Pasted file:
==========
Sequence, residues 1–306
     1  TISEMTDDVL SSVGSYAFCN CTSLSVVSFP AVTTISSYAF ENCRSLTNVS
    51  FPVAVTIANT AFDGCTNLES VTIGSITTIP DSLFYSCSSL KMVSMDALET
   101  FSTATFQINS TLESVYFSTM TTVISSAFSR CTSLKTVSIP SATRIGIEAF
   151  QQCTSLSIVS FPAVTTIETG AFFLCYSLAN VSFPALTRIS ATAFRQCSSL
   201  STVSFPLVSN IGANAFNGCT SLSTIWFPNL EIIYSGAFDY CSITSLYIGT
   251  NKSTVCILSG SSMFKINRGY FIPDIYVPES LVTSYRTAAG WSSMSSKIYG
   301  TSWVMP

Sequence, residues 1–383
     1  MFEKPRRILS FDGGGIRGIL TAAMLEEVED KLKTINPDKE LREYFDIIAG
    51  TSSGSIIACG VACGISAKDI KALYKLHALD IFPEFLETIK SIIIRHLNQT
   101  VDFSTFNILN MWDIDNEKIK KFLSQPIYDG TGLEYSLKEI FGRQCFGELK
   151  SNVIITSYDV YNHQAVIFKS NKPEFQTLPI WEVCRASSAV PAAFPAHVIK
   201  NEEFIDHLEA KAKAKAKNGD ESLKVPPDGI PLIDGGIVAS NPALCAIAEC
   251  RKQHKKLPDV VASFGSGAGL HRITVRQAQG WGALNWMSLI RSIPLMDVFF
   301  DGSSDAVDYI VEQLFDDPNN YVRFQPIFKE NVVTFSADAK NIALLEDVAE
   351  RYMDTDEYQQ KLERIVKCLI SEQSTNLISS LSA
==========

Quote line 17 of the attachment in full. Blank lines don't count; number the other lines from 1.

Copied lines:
   351  RYMDTDEYQQ KLERIVKCLI SEQSTNLISS LSA